This Article offers an assessment of the preliminary evidence that the market for corporate
control functions as a disciplinary mechanism for poor corporate governance in Korea. It analyzes
SK Corporation’s fight against Sovereign Asset Management, contest for control over the
Hyundai Group, KT&G’s fight against Carl Icahn, and LG Group and Carlyle’s proxy contest
against Hanaro Telecom, together with relevant laws and regulations.
From 1992 to 2000, the pace of merger activity rose to unprecedented
levels. An environment of sustained economic growth
and rising stock prices facilitated transactions. Toward the end
of 2000, the economic climate shifted and merger activity in the
fourth quarter declined. The economy showed only small growth
during the first quarter of 2001. Excess capacity in a number of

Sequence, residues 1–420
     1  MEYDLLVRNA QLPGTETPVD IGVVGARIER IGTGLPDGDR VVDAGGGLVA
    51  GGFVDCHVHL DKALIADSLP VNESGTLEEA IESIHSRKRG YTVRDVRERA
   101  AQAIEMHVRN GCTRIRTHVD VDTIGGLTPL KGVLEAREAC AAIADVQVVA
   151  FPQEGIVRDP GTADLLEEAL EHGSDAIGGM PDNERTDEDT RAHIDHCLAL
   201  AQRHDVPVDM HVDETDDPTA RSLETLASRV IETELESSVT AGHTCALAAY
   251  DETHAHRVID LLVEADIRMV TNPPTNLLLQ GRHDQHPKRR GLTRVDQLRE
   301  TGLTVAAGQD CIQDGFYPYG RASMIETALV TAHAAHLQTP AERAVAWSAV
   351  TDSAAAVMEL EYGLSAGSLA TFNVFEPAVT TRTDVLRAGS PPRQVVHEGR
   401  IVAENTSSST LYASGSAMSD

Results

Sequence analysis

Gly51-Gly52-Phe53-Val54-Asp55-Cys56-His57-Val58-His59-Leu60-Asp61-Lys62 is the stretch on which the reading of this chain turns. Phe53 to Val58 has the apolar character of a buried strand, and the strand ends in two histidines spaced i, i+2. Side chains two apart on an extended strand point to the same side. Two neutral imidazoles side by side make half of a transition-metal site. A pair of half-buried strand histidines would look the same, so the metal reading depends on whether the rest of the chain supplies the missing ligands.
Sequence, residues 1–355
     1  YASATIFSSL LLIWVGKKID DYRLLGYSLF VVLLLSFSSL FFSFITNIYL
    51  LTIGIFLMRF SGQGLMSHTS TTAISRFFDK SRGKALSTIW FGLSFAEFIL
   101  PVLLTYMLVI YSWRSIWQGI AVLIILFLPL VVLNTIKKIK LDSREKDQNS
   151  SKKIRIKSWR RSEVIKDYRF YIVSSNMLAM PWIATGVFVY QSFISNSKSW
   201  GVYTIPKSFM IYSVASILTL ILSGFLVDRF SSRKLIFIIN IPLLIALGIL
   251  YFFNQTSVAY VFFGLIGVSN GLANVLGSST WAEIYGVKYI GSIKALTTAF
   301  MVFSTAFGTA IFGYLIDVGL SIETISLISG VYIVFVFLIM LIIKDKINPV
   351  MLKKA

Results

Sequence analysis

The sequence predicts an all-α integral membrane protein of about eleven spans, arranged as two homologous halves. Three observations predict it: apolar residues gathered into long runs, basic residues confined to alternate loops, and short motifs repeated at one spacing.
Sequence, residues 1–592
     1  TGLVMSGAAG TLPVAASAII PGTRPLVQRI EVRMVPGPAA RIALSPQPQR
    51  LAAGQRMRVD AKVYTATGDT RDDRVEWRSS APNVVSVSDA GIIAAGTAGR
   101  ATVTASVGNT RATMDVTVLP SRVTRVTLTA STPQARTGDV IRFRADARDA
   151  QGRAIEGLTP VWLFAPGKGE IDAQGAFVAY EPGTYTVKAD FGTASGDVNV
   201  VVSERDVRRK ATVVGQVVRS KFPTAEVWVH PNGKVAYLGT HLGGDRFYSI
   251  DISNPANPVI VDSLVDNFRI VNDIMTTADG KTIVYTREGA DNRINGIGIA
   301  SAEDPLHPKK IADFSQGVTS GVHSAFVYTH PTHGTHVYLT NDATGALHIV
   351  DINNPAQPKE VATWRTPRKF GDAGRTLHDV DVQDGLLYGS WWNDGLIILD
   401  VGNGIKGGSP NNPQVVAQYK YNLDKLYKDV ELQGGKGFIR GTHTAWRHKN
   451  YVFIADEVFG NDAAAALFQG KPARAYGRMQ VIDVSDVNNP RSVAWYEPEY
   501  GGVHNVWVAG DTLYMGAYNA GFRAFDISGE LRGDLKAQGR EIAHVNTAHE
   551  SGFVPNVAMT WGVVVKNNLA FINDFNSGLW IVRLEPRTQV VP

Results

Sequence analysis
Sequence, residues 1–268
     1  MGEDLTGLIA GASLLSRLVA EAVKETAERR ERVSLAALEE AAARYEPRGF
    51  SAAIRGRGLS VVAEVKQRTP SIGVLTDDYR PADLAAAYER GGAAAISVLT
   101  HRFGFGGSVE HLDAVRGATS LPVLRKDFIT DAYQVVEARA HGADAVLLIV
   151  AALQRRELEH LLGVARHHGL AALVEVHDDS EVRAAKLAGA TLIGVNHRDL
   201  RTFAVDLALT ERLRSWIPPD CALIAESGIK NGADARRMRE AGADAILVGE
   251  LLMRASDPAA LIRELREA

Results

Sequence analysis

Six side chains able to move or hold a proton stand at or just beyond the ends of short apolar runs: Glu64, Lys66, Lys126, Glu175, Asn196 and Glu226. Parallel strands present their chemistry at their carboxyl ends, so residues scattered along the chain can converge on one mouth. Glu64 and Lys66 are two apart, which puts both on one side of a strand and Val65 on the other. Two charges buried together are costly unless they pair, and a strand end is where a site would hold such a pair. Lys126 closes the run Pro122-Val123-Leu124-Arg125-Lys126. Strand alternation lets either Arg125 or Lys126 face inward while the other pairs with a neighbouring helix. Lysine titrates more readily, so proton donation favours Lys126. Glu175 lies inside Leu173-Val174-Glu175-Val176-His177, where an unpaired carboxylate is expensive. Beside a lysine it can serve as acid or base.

industries had developed, and sales and profit disappointments
began to widen. The business cycle had returned. Valuations in
Internet companies and other high-tech industries have been
sharply revised downward.
This chapter describes the corporate finance of mergers and acquisitions. It shows that the acquisition of one firm by another is essentially a capital budgeting decision, and the NPV framework still applies. Tax, legal, and accounting aspects of mergers are discussed along with more recent developments in areas such as takeover defenses.